5 Ways Scott Brown’s Climate & Energy Debate Answer Was Wrong

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A viewer question focused on climate change in last night’s U.S. Senate debate between Sen. Scott Brown (R-MA) and Democratic challenger Elizabeth Warren. Watch it in part 2 starting at 22:25.

The question: Do you believe climate change is real, and if so what should the federal government be doing about it?

BROWN: Yes, I do. I absolutely believe climate change is real, and I believe there’s a combination between manmade and natural. That being said one of the biggest things we can do is get an energy policy and we don’t have one. Wind, solar, nuclear, hydro, geothermal, coal, siting, permitting, conservation, a true all of the above approach as I have. Professor Warren has a none of the above approach. She’s in favor of wind and solar. She’s against the Keystone pipeline which will help create union, all you union guys listening out there, she’s denying union jobs and non-union jobs. Making sure we can get more energy on the world market to stabilize those costs that you’re paying at the pump. When’s the last time we permitted a nuclear facility to make sure we can have that clean energy? I could go on and on but right now the role is actually a balancing role. To find that balance, Jon, because you can’t just have one or this or that. she’s in favor of putting wind turbines in the middle of our, uh, greatest treasure, on the Nantucket Sound. I, like, President, uh, Senator Kennedy before me believe that’s not right because those ratepayers are going to pay a tremendous amount more in their daily costs, and that’s not right.

Sen. Brown’s response is completely wrong here in at least five different ways:

  • He’s wrong about climate science. “The human impact on climate during this era greatly exceeds that due to known changes in natural processes,” reports the UN’s Intergovernmental Panel on Climate Change. And if climate action and protecting our clean air and water are so important to Sen. Brown, why are they nowhere to be found on his website?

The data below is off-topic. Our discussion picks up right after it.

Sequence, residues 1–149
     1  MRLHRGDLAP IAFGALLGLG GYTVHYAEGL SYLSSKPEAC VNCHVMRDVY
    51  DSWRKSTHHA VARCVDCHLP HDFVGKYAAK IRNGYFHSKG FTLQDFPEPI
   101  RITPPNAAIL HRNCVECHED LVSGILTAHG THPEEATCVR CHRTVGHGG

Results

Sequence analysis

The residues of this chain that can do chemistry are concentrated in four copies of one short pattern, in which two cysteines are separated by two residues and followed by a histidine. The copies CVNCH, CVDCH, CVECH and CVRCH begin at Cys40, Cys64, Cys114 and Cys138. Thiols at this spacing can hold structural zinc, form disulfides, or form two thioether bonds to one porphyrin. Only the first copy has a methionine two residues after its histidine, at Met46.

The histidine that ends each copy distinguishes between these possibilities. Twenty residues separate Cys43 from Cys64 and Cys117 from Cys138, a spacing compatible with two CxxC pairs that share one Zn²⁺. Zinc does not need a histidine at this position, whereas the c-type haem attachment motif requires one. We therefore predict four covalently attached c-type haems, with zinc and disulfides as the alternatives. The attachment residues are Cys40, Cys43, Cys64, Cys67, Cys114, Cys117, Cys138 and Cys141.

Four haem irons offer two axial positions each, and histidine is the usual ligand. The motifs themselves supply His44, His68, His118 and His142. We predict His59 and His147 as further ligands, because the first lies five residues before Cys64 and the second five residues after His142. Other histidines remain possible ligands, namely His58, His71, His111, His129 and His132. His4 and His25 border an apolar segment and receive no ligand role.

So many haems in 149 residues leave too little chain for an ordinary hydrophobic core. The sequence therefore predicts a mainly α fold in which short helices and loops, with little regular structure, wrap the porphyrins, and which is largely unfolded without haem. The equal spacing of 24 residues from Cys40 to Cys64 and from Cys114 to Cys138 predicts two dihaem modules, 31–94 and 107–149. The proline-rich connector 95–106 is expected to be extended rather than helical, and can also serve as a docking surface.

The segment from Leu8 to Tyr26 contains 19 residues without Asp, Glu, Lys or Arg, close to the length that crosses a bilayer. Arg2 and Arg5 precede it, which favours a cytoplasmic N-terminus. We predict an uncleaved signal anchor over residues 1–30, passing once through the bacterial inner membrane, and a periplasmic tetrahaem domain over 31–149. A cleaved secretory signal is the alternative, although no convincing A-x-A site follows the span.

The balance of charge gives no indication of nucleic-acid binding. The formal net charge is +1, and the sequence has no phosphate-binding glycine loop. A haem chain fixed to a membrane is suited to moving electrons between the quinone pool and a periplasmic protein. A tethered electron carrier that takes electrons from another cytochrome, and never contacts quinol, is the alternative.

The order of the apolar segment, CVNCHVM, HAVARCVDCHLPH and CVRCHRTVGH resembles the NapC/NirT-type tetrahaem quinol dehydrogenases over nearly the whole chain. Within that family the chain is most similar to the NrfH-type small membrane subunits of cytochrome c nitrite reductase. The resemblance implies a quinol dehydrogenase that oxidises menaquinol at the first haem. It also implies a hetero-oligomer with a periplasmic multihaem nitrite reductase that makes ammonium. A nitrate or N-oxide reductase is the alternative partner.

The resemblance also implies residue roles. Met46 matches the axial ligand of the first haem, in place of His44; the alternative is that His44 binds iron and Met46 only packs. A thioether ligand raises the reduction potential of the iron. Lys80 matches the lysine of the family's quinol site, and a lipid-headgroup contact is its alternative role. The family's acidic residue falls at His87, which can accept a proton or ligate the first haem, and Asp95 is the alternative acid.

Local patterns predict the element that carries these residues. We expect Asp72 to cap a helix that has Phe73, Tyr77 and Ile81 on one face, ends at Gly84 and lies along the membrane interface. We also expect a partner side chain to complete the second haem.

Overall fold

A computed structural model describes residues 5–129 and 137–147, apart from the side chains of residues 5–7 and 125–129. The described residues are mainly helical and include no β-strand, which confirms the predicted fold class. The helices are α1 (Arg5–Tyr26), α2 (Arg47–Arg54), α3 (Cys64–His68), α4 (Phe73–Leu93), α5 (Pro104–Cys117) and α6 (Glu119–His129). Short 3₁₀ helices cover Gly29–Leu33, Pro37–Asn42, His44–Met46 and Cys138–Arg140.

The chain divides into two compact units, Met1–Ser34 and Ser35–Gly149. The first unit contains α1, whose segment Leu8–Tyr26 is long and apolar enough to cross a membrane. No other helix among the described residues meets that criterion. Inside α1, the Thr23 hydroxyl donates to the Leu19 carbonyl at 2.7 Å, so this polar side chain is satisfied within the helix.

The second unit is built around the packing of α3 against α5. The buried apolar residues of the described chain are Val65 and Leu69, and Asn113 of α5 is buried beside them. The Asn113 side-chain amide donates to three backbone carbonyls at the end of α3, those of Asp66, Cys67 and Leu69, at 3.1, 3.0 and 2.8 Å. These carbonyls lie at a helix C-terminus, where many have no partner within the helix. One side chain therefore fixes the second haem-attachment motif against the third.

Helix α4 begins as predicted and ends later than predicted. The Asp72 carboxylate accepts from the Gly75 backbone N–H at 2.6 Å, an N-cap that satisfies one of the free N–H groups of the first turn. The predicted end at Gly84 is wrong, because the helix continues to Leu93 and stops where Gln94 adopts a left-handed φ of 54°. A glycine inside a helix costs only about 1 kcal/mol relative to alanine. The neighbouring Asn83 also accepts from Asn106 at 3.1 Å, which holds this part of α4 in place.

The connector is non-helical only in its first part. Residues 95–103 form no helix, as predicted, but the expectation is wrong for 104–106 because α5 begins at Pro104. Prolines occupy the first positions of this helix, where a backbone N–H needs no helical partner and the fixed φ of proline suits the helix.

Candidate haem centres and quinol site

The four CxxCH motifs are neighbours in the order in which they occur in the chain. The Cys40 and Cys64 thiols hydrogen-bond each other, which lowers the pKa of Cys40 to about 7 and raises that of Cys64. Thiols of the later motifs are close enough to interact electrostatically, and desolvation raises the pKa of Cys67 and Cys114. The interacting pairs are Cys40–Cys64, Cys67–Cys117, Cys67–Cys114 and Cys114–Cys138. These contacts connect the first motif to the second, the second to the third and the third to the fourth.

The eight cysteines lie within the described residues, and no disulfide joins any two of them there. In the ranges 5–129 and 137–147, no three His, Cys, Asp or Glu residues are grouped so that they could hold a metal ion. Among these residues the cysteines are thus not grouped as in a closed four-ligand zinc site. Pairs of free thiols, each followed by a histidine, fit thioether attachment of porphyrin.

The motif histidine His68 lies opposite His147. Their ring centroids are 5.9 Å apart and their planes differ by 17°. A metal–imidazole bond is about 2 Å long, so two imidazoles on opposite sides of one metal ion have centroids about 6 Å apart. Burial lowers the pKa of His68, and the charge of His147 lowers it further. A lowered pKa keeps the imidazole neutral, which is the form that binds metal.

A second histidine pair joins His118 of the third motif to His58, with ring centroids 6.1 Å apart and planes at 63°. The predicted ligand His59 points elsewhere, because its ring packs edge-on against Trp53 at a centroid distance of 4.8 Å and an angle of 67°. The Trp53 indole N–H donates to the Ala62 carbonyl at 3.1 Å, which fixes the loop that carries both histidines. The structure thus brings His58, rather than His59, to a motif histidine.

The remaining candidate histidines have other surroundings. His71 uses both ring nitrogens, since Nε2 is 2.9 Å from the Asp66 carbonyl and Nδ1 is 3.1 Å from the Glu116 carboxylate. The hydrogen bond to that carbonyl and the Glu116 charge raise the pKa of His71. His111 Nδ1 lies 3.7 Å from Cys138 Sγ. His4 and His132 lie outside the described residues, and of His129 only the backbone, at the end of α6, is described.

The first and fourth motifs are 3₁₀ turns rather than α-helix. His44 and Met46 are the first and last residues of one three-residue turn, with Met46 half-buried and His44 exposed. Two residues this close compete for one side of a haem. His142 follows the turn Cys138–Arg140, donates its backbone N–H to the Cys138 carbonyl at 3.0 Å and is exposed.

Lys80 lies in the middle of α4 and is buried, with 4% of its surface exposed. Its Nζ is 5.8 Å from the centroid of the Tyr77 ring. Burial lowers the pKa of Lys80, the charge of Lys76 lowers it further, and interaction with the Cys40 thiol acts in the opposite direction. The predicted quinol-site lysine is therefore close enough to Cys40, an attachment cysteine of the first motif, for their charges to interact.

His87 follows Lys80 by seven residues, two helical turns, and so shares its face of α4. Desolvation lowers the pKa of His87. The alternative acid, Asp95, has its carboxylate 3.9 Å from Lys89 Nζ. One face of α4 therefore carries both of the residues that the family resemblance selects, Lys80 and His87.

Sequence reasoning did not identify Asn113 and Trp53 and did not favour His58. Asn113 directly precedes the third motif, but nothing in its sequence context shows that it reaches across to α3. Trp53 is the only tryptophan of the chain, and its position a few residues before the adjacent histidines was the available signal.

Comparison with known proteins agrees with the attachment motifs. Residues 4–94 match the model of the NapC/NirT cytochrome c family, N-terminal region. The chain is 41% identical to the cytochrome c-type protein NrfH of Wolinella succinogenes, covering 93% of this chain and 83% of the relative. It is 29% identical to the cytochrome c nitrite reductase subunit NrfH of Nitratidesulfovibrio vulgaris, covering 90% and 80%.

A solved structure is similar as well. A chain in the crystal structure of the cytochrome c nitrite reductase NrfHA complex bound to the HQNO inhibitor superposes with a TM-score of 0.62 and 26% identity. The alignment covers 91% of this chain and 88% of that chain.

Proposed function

• He’s wrong about our electricity sources. Sen. Brown forgot to mention hydrocarbon gas, which provides more than half of Massachusetts’ electricity generation right now. The extremely low cost of “natural” gas is what’s putting coal out of business right now, not clean air regulations. And while the nuclear power industry likes to portray itself as the victim of those big, bad anti-radiation activists, we don’t build nuclear power plants anymore because they’re wicked expensive.
  • He’s wrong on what will stop climate change. More coal and the Keystone XL tar sands pipeline? Our dependence on dirty coal is what’s fueled our climate crisis in the first place. And building a new pipeline for tar sands – one of the dirtiest fuels on the planet – could be game over for stopping climate catastrophe.
  • He’s wrong about energy jobs. The Keystone XL pipeline would create only a fraction of the clean energy jobs that already exist in Massachusetts. TransCanada’s original application estimated just 3,500-4,200 short-term construction jobs. Massachusetts’ clean tech economy already employs 71,000 people.
  • He’s wrong about oil prices. Saying the U.S. can control the global oil market is like saying a junkie can control the cost of a hit. We have just 2% of the world’s oil reserves but consume 20% of the world’s oil supply. Even under the most optimistic scenarios, drilling in all of our wilderness areas desired by Big Oil combined would only mean a 4-5 cent reduction in the price of a gallon of gasoline by 2025. The only way we can reduce what we pay at the pump is by using less of it – exactly what the Obama administration is doing.
  • Does even Scott Brown know what Scott Brown believes on clean energy? Says he supports wind energy, bashes Cape Wind - classic Both Ways Brown.